Diversity in kids’ books campaign goes viral after BookCon uproar


BookCon is a readers’ convention organized by Book Expo America for this month in New York. When BookCon organizers announced an all-star line up of children’s writers-- including Jeff Kinney, James Patterson, Rick Riordan and Lemony Snicket -- they inadvertently provoked an uproar. All 30 writers (and the one cat invited) were white.

“There are more cats than people of color scheduled” for BookCon, Jeff O’Neal, the founder of the website BookRiot, wrote soon afterward.

In response, a group of 22 authors, publishers and bloggers launched a We Need Diverse Books campaign. “Now is the time to raise our voices into a roar that can’t be ignored,” the group’s manifesto declares. “We need to spread the word far and wide… So that the organizers of BEA and every big conference and festival out there gets the message that diversity is important to everyone.”


The campaign launched on Thursday and in less than 24 hours had already gone viral, Publishers Weekly reports.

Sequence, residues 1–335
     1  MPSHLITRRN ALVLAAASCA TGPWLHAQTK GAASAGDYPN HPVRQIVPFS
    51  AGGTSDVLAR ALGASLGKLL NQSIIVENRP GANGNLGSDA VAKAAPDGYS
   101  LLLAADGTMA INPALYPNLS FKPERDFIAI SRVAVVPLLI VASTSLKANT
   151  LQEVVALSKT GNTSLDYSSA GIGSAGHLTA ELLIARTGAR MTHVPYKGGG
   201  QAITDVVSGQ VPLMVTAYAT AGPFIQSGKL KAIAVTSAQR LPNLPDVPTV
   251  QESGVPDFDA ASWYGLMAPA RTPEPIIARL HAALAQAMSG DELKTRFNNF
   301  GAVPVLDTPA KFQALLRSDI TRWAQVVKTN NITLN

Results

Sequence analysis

“Even before the official launch time, the hashtag, #WeNeedDiverseBooks, had gone ‘viral,’ with 27,796 Tweets from 8,988 contributors recorded at 10:45 a.m.” Publisher’s Weekly wrote. “By 5:00 p.m., there were 46,672 tweets from 13,459 unique contributors, with 82,272,930 timeline deliveries…”

On Friday morning, there were hundreds of new tweets being added each hour.

“It’s kind of lit a spark in people,” the YA author Ellen Oh told Publishers Weekly. “All of these voices are coming together.”

The author Jodi Picoult wrote “#WeNeedDiverseBooks because fiction reflects the world, and thankfully, wonderfully! -- the world is not monochromatic or uniform.”

Hundreds of supporters on Twitter and Tumblr answered the campaign’s call to post pictures in support of literary diversity in children’s literature. The Oakland Public Library posted a group picture of its students holding a sign with the WeNeedDiverseBooks hashtag.


In New York, the children’s art center Hannah’s Studio posted a photograph of a collection of children’s books featuring African Americans on their covers. And the children’s author Miranda Paul tweeted a sign that proclaimed: “Kids might not judge a book by its cover, but they will judge themselves by a book’s cover.”


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